Make the Most of This Summer: Plan Now
Rather than letting the dreary winter months bring you down, why not start planning for an adventurous summer spent learning a new skill or exploring your interests.
Gain Work Experience. If you’re not interested in participating in a summer program or camp, an internship or job can help you explore careers and learn new skills – – and may also be advantageous to your wallet!
Many local organizations seek high school students for summer work. The Dana-Farber/Harvard Cancer Center is currently seeking high school students with a strong interest in science to participate in their cancer research CURE program.
For opportunities in other fields, network with your parents, neighbors and friends to identify possible internships. Summer camp jobs typically interview workers this month, so don’t delay in applying if you are interested.
Volunteer in the Community. Contributing to your community doesn’t mean you have to travel abroad – you can help just by walking to your local hospital, school or religious organization.
University of Delaware freshman, Megan Young, did just that when seeking to help those in her community.
“I have been a volunteer firefighter with the Townsend Fire Company since I was a freshman in high school,” said Megan. “I found myself assisting many families with children which led me to my interest in becoming a family therapist.“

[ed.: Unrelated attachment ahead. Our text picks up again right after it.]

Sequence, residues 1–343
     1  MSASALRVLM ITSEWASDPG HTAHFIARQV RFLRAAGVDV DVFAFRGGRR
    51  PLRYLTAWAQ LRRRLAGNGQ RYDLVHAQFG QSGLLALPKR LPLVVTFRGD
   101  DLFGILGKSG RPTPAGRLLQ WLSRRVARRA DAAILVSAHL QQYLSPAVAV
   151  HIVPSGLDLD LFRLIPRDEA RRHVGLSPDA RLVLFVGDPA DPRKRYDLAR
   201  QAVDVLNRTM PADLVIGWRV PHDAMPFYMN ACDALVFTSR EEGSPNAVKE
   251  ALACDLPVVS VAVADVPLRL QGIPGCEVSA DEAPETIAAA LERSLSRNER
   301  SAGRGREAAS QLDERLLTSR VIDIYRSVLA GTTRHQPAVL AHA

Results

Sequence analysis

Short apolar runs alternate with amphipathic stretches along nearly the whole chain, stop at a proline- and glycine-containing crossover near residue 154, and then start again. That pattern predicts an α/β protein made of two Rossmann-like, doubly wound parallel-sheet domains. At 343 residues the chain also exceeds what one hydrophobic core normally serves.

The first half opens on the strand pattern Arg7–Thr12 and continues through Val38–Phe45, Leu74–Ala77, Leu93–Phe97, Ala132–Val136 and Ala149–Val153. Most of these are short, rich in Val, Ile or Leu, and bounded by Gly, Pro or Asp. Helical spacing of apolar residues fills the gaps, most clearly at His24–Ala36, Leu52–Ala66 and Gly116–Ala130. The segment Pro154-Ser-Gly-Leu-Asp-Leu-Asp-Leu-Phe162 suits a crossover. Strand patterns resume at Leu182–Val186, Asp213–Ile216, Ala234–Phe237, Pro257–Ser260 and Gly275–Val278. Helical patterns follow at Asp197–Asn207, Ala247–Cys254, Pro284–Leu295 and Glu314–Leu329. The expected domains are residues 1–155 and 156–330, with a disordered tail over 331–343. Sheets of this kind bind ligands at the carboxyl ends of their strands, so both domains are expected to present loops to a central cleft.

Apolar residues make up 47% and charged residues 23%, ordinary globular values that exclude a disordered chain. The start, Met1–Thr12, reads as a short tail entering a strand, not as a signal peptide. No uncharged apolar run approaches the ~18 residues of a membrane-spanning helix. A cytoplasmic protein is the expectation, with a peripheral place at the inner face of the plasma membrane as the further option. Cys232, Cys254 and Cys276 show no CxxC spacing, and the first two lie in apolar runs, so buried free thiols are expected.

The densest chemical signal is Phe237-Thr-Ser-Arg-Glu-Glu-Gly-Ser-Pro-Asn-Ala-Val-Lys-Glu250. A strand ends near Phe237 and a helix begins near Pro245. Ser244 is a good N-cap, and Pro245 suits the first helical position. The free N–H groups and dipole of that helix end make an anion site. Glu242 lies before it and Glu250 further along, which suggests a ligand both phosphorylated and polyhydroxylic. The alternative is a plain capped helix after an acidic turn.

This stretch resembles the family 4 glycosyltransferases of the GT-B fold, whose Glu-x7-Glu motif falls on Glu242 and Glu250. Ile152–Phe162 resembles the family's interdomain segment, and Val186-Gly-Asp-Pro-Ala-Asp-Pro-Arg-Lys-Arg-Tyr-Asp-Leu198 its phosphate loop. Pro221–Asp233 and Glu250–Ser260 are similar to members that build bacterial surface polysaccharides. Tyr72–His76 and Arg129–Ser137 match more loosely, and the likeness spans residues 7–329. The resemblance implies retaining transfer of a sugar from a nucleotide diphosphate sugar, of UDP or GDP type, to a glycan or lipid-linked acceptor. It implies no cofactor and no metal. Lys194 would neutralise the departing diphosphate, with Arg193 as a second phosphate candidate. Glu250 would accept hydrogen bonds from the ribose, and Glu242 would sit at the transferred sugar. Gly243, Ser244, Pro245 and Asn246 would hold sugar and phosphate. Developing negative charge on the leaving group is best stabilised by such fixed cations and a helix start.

If you’re interested in a career in medicine, consider spending a few hours a week in a local hospital, or if you’re looking for something more substantial seek out summer long programs like the Summer Health Corps Program at Beth Israel Deaconess Medical Center which is a hands-on program where students spend time in a variety of departments. If you love animals, consider volunteering at Angell Animal Medical Center (you must be at least 16 years old).
Service and the Environment. If the outdoors appeals to you, consider a service project. One such experience is the SCA National Conservation Crew, where students spend an extended period of time camping out as small crews, working together on environmental issues, enjoying nature, and most importantly, building leadership skills.
Foster Curiosity in a Pursuit. When you hear the word “camp,” you may think of a summer spent outdoors, but not all camps today require sunscreen. Many camps support students’ interest in an array of fields..
For the artistically inclined, Pratt Institute’s summer program will both immerse you in art and design and give you a creative environment where you can build your portfolio. Those with a penchant for writing who are not sure how to make a career of it will find the Washington University in St. Louis’s Writing Institute enlightening – here you will explore various writing styles in both the fiction and nonfiction genres with professional and creative writers.
Trek around the World. Chances are you already have studied another language at the high school level in preparation for college, but why not deepen your knowledge of that culture, expand your horizons and demonstrate your adventurous spirit by traveling through the summer?
Organizations such as Aspire by API or Abbey Road can help you customize opportunities to immerse yourself in the language and culture of another country, both in and out of the classroom. Both companies do more than help you plan a trip, they also help you develop relevant global communication and intercultural skills.
This is just a sampling of many available summer opportunities. If you need assistance with determining your own summer plan, contact us today.